That idiot, Halsey, had neither.
 
 
A disordered mind produces chaos. Halsey was not only disordered in his mind, but also incredibly stupid and vain. 
 
Herald

 
 
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JFKY    Sorry Herald   7/9/2009 2:55:33 PM
More than a command zero...he actually visited Guadalcanal, unlike Ghormley...he was an active commander, and I notice you neglect to mention the advance up the Solomons Chain.
 
That is not to say that Halsey was a GREAT commander, but rather to dispute he was  BAD commander...he may not have been Grant, but neither was he McClellan, put him in the Meade category, OK, but not spectacular.
 
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Herald12345    Beijng in the chair doesn't mean you get CREDIT   7/9/2009 3:40:09 PM

(Having trouble posting from my MAC - trying the PC)

Same here. we are in the muddle of a PRC Bandit Cyber attack so it may be your server undergoung a DoS attack.

In Winton's "Carrier Glorious", the German action report shows that Marschall held the Battlecruisers on their original heading for a while after spotting the enemy. He did this to allow the ships to raise steam for a high speed run. Once this was done, he turned toward Glorious. Making 26 knots and accelerating eventually to around 29 knots, Scharnhorst began firing at 28,000 yards making the first hit on the third salvo at about 14 miles.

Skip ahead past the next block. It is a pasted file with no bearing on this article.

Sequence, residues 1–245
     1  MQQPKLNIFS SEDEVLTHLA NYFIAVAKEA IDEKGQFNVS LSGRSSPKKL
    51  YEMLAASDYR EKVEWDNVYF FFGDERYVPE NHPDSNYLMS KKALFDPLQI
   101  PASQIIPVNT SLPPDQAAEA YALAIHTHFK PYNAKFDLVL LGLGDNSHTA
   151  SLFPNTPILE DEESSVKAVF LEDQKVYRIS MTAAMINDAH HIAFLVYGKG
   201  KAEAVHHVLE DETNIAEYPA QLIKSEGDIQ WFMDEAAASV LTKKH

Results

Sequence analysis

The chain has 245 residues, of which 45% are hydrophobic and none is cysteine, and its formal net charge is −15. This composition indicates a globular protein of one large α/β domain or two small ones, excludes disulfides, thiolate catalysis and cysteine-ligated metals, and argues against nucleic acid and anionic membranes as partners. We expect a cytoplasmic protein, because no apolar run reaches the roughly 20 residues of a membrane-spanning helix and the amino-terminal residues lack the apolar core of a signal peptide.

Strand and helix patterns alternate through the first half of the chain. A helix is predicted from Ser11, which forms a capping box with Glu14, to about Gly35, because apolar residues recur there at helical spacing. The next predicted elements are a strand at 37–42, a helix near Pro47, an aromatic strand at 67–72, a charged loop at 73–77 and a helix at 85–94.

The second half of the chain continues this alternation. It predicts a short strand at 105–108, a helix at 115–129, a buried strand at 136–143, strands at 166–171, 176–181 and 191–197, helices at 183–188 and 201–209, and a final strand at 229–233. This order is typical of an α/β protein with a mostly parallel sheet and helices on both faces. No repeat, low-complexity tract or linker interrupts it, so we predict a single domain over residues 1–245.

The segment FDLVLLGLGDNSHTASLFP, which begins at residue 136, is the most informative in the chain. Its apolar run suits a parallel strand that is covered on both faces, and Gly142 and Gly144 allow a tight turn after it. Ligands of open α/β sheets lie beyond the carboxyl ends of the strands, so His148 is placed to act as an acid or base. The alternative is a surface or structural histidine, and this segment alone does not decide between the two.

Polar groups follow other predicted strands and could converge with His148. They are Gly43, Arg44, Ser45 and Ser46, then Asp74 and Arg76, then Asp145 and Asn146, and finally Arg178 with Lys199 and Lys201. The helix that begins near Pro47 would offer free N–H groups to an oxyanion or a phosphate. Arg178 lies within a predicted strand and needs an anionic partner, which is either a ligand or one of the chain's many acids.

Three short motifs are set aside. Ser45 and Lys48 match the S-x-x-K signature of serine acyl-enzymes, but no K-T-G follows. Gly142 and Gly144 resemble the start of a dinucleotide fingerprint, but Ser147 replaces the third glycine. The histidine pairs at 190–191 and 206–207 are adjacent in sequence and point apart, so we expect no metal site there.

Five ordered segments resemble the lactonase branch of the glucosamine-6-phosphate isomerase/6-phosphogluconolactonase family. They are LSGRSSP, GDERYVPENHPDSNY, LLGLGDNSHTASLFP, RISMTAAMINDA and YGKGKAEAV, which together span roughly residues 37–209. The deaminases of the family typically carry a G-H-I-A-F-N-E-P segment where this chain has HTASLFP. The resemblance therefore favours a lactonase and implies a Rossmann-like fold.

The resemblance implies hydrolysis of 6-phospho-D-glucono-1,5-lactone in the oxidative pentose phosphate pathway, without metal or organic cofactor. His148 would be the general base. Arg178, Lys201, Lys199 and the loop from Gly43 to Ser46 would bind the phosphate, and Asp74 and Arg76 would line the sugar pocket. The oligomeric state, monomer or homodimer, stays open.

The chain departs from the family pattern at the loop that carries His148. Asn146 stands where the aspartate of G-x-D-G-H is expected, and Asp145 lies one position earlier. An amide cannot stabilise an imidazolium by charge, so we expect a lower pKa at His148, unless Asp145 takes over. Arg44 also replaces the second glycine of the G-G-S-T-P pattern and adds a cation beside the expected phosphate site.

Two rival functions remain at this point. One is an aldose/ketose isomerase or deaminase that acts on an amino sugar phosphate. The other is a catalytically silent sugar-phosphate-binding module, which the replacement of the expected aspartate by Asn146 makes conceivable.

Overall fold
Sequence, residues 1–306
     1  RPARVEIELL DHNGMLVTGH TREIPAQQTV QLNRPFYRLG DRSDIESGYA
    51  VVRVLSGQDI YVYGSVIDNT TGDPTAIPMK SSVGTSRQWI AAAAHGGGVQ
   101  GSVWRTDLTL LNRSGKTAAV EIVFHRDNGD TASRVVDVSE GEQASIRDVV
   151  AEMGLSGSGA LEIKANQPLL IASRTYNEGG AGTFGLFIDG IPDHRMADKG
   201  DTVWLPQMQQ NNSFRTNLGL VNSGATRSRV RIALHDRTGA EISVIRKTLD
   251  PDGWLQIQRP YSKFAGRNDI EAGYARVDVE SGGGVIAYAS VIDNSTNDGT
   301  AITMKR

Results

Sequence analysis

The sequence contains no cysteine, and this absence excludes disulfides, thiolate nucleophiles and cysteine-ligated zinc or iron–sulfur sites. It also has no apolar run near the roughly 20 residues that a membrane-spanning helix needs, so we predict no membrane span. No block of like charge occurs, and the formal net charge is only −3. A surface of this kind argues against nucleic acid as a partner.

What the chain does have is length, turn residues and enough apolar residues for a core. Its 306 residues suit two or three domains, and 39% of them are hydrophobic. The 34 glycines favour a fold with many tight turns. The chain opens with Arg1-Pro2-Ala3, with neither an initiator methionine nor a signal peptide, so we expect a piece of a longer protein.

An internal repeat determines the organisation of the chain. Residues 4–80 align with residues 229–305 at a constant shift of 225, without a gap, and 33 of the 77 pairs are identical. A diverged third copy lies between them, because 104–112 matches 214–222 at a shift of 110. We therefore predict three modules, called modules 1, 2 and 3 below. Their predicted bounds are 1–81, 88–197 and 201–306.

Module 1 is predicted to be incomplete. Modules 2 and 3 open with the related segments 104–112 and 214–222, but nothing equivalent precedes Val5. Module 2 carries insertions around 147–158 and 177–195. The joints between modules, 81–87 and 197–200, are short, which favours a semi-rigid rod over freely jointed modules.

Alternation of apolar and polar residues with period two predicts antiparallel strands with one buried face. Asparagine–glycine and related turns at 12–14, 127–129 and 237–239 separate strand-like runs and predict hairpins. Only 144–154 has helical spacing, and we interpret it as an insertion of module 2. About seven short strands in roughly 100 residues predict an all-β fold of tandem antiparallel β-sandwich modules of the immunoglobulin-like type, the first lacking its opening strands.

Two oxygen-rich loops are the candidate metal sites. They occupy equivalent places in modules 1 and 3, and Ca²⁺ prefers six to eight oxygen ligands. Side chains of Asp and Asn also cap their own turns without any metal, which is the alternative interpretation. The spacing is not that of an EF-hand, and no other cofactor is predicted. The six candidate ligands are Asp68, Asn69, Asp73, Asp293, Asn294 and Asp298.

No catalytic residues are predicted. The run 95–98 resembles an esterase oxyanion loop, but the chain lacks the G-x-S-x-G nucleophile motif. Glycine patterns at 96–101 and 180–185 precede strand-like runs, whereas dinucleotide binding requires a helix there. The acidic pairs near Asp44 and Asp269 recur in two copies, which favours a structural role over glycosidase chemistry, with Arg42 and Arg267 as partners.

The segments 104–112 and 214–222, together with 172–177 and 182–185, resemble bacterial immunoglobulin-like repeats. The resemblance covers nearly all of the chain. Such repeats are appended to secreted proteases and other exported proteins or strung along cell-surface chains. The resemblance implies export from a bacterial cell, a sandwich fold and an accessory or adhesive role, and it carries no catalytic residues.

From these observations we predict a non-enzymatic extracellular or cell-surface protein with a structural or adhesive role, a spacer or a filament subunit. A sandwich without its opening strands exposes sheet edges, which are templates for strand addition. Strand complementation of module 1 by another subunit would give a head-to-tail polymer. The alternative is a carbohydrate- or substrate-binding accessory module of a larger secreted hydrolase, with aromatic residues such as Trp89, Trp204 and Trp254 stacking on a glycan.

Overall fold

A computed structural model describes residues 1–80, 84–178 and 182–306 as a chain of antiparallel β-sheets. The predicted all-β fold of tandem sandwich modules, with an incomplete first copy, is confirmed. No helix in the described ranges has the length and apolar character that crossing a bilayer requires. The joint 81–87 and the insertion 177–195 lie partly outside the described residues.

What was the wind direction then? That is important because surface ship tactics against carriers was to get to windward of them and stay  there to leep the carrier from making a turn into the wind to launch aircraft.

By the time Glorious saw S&G the game was up. With cold boilers and no time to bring them on line, there was no chance to escape. The Carrier was doomed from the moment she was spotted by the German Group.

No CAP and nobody posted in the observation top, nobody monitoring the German signals guard channels are still puzzlers to me.. The problem was as I understand it, the S&G smoke appeared and D'Orly Hughes detached one of his destroyers to take a look. He didn't order someone aloft into observation until it was too late to take a gun director look? No alert five aircraft as well means that if that captain had  survived there would have been two court martials at Scapa Flow. I know a pilot commanding a cerrier in those waters;  seeing smoke would be very nervous, and would have turned into the wind and launched something, even if was a Hurricane to get a look.  Yes, I know the situation may have not looked that desperate on paper, but this was an evacuation after a defeat. It was that desperate.     

Halsey. I give him credit for the early actions in the war. His early raids in the South Pacific were good for moral, though of little real impact. The Doolittle raid could have gone better, but it accomplished the goals set for it.  Most accounts of the Guadalcanal action indicate that Halsey was a welcome boost when he relieved Ghormley. His willingness to mix it up and go in harms way was a sharp contrast to Ghormley and Fletcher too.